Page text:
Iowa State “Sites” Web Service to Replace Discontinued “Public” Web Service

Iowa State University’s first public website service will shut down at the end of the year, and with the help of a collaborative effort between Information Technology Services (ITS), the College of Agriculture and Life Sciences, and the College of Liberal Arts and Sciences, will be replaced with a newer, more streamlined web resource.

Starting in 1993, university-related websites — including many of Iowa State’s very first websites — were hosted through, the first public website service available to campus. But as websites moved to other systems and formats, the public service slowly phased out of use, and will ultimately be decommissioned by the end of 2019. 

Hand-in-hand with the shut-down process, a new web service,, will partially replace the sunsetting “public” service by offering Iowa State faculty members an intuitive, professional platform to display their research and manage their online presence. 

"The web service has been around a long time and is no longer the best option for creating and hosting modern websites,” said ITS Director of Enterprise Services and Customer Success Mike Lohrbach. "There are much better solutions for campus’ needs available now, especially the new web service." allows faculty members to create and manage their own academic website with an easy-to-use interface that matches the university's web theme, meets digital accessibility legal requirements, and is responsive for large and small display formats, from wide screens to mobile phones. Personal and non-ISU websites are not allowed on the new service, per the university’s acceptable use policy.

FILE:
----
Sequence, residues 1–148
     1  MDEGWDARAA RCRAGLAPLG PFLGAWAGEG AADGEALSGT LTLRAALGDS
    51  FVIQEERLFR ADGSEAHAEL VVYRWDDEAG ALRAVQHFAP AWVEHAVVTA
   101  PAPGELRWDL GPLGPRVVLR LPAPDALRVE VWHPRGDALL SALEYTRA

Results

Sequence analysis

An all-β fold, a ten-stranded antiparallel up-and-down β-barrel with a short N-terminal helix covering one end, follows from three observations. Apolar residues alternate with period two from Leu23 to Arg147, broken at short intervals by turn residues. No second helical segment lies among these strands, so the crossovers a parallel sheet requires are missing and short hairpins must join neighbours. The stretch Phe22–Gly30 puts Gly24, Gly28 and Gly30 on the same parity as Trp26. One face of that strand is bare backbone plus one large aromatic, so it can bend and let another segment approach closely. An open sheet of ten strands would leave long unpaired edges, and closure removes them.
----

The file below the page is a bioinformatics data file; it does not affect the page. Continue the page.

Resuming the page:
To create their website, faculty can navigate to the page, log in, and begin building. Format options currently include a simple, single-page CV-style website, or an advanced multi-page site, which allows faculty to provide a wider variety of content.

John VanDyk, a senior systems analyst with the Biology IT web development team, said improvements and updates to the “sites” web service will be continuously added. Additional features, including a turnkey website for faculty with busy research labs, are being developed now and will become available later this year.

“The service was designed after numerous faculty focus groups provided information on what they would like to see in a faculty website service,” VanDyk said.

Over the last several years, ITS and department IT staff across campus have worked to move departmental sites off the service and contact people actively using the system. However, hundreds of active websites remain. To ensure information is not lost, users who still have webpages through should move their information to a different location before Dec. 31.

While faculty are encouraged to move their existing webpages to the new sites platform, course tools and materials should be moved to the Canvas learning management system. All other academic information should be moved to departmental websites.

Websites and information on the old public service will not be transferred automatically to the new sites service. An online tutorial for creating and editing a website on the service is available, and additional questions can be directed to the IT Solution Center at 515-294-4000, 192 Parks Library, or